Confusion has hit the sugar sector amid shortages, hiked prices, alleged hoarding and uncertainty of safety of the product in the market.
A week after MPs rejected a report on the importation of contaminated sugar, the industry appeared to be in turmoil even as questions arose over the whereabouts of the bad sugar confiscated by the police.
The report was expected to shed light on the safety of the sugar and the people behind the duty-free imports.
Saturday, leading supermarkets in Kisumu had no sugar, with managers saying they were turning to Tanzania and Uganda for fresh supplies, which have also been hindered by customs regulations.
The supermarket managers suspected that some manufacturers were hoarding the commodity as they awaited an increase in prices.
The two Tuskys supermarkets in Kisumu had no sugar on their shelves.
“The last consignment we received came from Tanzania and Uganda a month ago and we sold the last packet Saturday. “Our attempts to ship more have been thwarted by border officials,” said a Tuskys customer care officer.
The only sugar available in a few supermarkets but at double the price was branded Kabrass, West Kenya and Nutrameal which is packaged by Kamili Packers based in Industrial Area in Nairobi. It was retailing at Sh295 for a 2kg packet, an increase of about Sh50. A kilo was selling at Sh160.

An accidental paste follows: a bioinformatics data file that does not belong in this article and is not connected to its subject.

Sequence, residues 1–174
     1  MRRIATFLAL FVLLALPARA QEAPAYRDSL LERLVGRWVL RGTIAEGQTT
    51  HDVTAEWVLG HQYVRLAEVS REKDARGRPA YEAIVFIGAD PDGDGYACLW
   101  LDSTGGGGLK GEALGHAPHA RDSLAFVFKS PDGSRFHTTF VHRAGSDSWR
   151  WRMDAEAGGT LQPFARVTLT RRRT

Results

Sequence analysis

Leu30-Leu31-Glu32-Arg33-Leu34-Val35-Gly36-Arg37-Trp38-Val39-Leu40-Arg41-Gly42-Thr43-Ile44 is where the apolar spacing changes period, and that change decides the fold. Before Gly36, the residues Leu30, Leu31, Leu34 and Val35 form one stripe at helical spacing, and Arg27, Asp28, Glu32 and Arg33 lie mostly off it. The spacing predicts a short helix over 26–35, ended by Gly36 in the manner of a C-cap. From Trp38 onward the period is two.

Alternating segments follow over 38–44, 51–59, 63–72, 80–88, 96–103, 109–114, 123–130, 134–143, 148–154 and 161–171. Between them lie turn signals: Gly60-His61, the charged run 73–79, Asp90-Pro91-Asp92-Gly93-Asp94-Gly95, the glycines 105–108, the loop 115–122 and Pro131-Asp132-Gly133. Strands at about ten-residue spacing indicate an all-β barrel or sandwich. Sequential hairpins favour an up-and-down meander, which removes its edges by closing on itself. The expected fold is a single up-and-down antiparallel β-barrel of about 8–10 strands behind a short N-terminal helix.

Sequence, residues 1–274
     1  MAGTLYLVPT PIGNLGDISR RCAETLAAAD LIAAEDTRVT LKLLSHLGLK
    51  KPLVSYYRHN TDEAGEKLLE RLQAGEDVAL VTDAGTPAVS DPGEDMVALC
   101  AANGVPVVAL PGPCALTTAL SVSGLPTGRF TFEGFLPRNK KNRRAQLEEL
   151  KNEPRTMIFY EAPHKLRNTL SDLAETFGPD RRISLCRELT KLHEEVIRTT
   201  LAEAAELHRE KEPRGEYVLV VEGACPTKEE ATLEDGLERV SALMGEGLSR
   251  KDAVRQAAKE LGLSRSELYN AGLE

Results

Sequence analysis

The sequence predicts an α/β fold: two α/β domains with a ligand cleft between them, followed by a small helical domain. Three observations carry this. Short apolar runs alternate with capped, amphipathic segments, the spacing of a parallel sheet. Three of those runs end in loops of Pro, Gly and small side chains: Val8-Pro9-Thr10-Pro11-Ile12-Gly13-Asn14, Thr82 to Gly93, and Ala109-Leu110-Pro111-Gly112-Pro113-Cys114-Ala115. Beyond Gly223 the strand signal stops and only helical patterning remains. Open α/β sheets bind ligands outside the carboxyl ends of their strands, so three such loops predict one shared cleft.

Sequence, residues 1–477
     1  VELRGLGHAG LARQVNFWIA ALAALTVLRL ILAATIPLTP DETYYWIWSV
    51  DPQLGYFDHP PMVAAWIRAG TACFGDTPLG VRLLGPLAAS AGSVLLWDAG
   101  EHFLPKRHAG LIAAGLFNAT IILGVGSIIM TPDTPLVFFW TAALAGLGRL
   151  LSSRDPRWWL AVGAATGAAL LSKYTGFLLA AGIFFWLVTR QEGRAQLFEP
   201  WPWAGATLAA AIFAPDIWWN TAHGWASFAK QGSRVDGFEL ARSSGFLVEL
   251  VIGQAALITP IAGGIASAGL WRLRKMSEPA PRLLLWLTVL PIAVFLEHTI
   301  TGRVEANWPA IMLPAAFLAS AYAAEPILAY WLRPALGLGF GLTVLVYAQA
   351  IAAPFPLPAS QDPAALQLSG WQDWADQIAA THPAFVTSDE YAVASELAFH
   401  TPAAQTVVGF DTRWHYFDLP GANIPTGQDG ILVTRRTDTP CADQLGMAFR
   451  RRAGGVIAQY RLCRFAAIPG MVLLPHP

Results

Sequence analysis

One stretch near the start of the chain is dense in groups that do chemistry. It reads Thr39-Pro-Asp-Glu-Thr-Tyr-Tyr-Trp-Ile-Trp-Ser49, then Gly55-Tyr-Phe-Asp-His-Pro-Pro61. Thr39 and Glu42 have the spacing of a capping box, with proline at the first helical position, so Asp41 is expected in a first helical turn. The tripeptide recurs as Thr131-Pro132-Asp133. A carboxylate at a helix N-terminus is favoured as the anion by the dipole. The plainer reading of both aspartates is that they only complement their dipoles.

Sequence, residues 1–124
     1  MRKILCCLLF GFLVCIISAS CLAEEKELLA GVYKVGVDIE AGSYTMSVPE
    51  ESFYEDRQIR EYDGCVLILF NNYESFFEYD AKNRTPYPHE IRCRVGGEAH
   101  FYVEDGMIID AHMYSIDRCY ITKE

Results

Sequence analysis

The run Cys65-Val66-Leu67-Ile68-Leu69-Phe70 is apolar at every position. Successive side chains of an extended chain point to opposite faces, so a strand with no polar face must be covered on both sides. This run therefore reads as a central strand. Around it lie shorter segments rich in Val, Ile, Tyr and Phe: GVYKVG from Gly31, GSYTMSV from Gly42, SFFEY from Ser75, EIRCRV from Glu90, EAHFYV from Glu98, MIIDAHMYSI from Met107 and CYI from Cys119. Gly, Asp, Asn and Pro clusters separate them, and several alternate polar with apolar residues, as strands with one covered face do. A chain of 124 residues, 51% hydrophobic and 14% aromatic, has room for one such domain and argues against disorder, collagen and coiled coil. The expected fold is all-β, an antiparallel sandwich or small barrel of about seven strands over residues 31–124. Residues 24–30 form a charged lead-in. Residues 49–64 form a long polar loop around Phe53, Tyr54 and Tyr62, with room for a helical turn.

None of the State-owned millers – Nzoia, Chemelil, Muhoroni and Sony – had their brands on sale in Kisumu.
One supermarket was selling sugar labelled Kakira SugarFactory and we could not immediately ascertain if it was genuinely a product of the Ugandan miller.
Sony Sugar brand was in a few supermarkets in Siaya but the price had shot up to Sh350kg for a two kilo pack, while Star Sugar from an unspecified miller in Uganda was retailing at Sh270 for two kilos.
A manager at one of the Choppies supermarkets in Kisumu told the Sunday Standard they had not been getting supplies for the past one week.
“We don’t know what is happening. We suspect some millers are hoarding sugar in anticipation of a price hike,” said the manager who asked not to be named.
But an official of the Kenya Sugarcane Millers Association, who requested anonymity due to the sensitivity of the matter, said the shortage could be as a result of a slowed down production by State-owned factories.
“I doubt if there is any hoarding. The fact is that the State-owned millers have either not been producing or had scaled down milling because of the heavy rains that messed up roads or uncertainty in the market due to the imports,” said the official.
But consumers have also expressed fears over the quality of sugar in the market.
The presence of unbranded sugar in leading supermarkets in Nyanza has also heightened the speculation over the safety of the products.
Stakeholders in the sugar industry now want the government to produce the contraband sugar in order to assure them that they are safe and their businesses are not at risk.
[Kevin Omollo, Eric Abuga, Mactilda Mbenywe, Mary Otieno and Olivia Odhiambo] [email protected]